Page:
Publication:
IMPACT OF HIGH SCHOOL QUALITY ON THE CONDUCT AND ATTRITION OF ENLISTED MARINES

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Authors
Pincus, Alexander M.
Subjects
education
proficiency
misconduct
manpower
enlisted
Marine
Advisors
Ahn, Sae Young
Date of Issue
2021-03
Date
Publisher
Monterey, CA; Naval Postgraduate School
Language
Abstract
This study investigates the impact of high school quality and peer group characteristics on the misconduct and attrition of enlisted Marines. Multivariate regression models employ personnel data from the USMC Total Force Data Warehouse on 22,177 enlisted Marines who joined the USMC during fiscal year 2013 and high school identifiers from the Common Core of Data. Misconduct incidents per year of service, propensity to commit misconduct, propensity to attrite within six years, and propensity to attrite under undesirable circumstances are regressed on high school quality, the number of fellow Marines from the same high school, and demographic breakdown of those fellow Marines. The model results show that high school quality, in itself, does not impact misconduct or attrition. Attending a high-quality high school does, however, amplify the negative impact that a higher Armed Forces Qualification Test (AFQT) score has on propensity to attrite within six years. High school enlistment peer group size does not significantly impact misconduct or attrition. The percentage of high school enlistment peer group that consists of female, black, or Hispanic Marines does not impact the misconduct or attrition outcomes for those groups. We recommend that the USMC not invest time or resources toward recruiting Marines specifically from high-quality high schools, recruiting larger peer groups from each school, or achieving a specific demographic breakdown of recruits from each school.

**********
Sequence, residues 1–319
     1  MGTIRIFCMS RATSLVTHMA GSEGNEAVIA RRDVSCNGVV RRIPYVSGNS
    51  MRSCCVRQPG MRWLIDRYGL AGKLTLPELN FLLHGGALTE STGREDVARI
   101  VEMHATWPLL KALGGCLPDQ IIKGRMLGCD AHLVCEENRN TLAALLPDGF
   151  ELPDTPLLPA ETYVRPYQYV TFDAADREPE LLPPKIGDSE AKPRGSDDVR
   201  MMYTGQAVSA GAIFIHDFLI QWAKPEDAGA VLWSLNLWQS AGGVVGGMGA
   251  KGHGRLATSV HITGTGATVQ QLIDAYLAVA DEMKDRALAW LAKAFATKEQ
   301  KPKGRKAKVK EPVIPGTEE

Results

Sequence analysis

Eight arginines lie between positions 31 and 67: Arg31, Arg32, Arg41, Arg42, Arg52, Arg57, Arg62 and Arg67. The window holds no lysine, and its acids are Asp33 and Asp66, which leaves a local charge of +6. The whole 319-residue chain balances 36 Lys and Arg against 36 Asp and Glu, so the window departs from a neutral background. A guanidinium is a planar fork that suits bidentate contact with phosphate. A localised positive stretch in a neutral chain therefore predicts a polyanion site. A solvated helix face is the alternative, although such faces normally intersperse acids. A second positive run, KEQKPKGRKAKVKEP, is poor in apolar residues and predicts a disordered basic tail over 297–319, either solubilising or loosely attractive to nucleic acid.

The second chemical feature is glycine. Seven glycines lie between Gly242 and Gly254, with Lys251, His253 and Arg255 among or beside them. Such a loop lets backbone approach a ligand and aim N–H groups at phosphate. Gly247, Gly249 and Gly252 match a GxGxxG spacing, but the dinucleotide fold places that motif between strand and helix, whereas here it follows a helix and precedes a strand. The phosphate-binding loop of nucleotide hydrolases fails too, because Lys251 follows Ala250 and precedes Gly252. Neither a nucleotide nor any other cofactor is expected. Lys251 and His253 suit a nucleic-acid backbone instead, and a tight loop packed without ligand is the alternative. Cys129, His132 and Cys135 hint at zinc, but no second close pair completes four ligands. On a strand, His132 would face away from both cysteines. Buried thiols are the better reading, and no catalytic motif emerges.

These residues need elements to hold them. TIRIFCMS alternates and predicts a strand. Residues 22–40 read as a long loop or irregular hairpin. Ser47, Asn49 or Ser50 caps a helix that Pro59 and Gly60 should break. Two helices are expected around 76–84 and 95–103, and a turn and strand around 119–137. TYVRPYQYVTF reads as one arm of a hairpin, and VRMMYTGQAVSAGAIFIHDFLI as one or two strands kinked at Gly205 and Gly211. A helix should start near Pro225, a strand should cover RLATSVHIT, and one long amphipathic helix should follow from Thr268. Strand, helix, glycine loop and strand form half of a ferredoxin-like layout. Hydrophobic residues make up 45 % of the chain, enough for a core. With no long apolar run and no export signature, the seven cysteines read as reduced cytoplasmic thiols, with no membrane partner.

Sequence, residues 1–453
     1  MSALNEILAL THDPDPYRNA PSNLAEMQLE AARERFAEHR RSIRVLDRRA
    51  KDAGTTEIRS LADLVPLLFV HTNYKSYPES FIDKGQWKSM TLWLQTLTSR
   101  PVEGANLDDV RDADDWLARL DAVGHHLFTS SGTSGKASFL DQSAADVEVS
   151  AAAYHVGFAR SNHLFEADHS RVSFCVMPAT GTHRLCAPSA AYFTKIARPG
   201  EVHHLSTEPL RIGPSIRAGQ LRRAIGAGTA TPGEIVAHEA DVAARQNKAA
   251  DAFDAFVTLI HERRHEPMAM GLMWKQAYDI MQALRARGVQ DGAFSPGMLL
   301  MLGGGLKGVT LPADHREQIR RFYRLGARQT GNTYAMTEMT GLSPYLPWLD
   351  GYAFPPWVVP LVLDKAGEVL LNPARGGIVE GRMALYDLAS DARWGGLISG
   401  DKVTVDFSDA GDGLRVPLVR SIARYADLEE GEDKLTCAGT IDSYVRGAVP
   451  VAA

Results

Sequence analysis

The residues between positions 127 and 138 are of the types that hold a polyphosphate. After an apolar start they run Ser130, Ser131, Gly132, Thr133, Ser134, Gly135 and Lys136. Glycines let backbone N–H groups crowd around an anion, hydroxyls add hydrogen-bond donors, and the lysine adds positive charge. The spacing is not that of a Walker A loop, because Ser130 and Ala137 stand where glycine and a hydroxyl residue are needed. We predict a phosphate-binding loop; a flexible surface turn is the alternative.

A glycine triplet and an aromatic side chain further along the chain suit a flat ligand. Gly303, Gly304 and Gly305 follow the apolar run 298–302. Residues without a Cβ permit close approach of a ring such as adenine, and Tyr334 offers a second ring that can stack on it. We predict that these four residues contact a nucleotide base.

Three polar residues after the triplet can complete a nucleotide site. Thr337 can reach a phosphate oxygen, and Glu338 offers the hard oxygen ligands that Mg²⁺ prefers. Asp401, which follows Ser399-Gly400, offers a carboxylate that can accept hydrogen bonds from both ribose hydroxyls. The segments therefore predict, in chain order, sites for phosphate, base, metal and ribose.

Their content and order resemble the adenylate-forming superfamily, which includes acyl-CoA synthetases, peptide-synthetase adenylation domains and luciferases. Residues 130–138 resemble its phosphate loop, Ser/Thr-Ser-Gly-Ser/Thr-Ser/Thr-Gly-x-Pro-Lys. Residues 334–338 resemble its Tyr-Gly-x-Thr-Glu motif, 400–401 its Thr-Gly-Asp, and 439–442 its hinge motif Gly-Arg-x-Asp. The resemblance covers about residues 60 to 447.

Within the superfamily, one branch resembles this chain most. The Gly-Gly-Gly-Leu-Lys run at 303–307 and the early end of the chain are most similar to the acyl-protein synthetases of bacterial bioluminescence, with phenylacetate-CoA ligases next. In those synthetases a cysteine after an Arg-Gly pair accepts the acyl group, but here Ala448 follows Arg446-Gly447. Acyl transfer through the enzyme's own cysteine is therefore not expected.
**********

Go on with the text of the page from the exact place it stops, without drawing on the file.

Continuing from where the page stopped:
Type
Thesis
Description
Department
Graduate School of Defense Management (GSDM)
Identifiers
NPS Report Number
Sponsors
Funder
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Distribution Statement
Approved for public release. distribution is unlimited
Rights
This publication is a work of the U.S. Government as defined in Title 17, United States Code, Section 101. Copyright protection is not available for this work in the United States.
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